Behavioral Attributes: pure
As you have seen in the functions chapter, functions can produce return values and side effects. When possible, return values should be preferred over side effects because functions that do not have side effects are easier to make sense of, which in turn helps with program correctness and maintainability.
A similar concept is the purity of a function. Purity is defined differently in D than most other programming languages. In D, a function that does not access a mutable global or static state is pure.
Since input and output streams are considered as mutable global state, pure functions cannot perform input or output operations either.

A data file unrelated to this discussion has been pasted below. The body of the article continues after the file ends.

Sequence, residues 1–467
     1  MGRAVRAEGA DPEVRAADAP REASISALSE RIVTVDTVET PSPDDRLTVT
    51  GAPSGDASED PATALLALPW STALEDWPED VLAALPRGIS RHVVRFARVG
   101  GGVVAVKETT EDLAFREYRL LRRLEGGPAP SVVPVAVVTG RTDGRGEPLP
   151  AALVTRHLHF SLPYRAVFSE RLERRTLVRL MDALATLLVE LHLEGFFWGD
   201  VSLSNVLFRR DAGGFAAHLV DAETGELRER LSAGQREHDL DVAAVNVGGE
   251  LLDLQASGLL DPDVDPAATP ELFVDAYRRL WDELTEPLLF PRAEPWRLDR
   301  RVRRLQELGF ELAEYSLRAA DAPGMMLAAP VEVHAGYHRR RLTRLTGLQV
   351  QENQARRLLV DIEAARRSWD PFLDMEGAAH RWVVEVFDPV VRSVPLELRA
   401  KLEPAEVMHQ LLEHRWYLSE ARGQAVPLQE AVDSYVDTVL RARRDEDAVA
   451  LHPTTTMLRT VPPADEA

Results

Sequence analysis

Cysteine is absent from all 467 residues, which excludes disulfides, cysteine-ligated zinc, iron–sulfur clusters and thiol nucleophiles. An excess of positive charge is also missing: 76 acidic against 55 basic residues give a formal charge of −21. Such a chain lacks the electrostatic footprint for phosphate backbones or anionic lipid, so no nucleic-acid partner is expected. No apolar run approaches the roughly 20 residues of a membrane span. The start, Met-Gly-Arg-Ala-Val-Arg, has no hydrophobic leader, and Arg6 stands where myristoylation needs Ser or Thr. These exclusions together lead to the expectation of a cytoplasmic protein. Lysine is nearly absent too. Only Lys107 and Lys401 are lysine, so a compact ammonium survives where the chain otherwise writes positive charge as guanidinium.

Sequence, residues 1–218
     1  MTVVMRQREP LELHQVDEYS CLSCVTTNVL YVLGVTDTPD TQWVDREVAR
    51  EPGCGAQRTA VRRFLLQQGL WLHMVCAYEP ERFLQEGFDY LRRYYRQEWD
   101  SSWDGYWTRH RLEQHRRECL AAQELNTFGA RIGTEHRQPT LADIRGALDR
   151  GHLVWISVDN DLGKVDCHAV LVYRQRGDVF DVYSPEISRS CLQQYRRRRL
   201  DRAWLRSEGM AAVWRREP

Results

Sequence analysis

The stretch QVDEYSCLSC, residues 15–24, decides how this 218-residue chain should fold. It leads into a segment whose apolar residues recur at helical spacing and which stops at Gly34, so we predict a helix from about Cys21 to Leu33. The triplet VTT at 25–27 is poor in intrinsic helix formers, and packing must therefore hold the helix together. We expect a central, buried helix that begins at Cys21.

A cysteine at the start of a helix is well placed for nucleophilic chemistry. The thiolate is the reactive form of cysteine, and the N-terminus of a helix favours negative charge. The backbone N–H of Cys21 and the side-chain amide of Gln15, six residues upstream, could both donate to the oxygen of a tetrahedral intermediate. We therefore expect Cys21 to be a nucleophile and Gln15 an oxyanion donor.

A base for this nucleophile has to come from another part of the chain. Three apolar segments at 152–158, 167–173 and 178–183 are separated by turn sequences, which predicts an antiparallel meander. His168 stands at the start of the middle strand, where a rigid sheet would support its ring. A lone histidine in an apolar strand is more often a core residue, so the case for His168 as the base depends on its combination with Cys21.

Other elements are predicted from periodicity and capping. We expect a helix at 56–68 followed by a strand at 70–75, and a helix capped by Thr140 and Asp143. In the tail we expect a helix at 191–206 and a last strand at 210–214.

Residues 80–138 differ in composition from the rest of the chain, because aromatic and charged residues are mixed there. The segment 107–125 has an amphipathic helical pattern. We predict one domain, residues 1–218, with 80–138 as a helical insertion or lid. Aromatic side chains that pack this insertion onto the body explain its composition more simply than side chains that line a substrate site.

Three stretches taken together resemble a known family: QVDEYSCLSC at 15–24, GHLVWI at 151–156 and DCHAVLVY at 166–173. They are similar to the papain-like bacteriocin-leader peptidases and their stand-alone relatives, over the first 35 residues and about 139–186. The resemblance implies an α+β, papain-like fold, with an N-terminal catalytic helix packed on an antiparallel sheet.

In other words, a function is pure if it produces its return value and side effects only by accessing its parameters, local variables, and immutable global states.
An important aspect of purity in D is that pure functions can mutate their parameters. Additionally, the following operations that mutate the global state of the program are explicitly allowed in pure functions:
Allocate memory with the
Terminate the program
Access the floatingpoint processing flags
pure keyword specifies that a function should behave according to those conditions, and the compiler guarantees that it does so.
Naturally, since impure functions do not provide the same guarantees, a pure function cannot call impure functions.
The following program demonstrates some of the operations that a
pure function can and cannot perform: